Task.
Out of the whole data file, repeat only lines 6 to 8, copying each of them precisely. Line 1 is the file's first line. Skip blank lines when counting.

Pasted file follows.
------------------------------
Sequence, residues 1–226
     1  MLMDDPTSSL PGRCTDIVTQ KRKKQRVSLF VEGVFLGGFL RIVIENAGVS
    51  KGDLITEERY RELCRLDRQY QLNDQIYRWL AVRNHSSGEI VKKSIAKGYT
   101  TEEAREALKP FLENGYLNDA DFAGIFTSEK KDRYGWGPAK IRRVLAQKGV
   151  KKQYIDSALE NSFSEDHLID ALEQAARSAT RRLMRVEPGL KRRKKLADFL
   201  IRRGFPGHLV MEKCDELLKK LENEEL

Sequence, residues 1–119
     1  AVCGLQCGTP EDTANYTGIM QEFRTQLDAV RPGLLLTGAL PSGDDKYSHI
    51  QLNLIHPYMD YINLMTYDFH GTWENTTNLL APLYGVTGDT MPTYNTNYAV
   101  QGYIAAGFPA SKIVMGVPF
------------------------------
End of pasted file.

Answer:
   201  IRRGFPGHLV MEKCDELLKK LENEEL

Sequence, residues 1–119
     1  AVCGLQCGTP EDTANYTGIM QEFRTQLDAV RPGLLLTGAL PSGDDKYSHI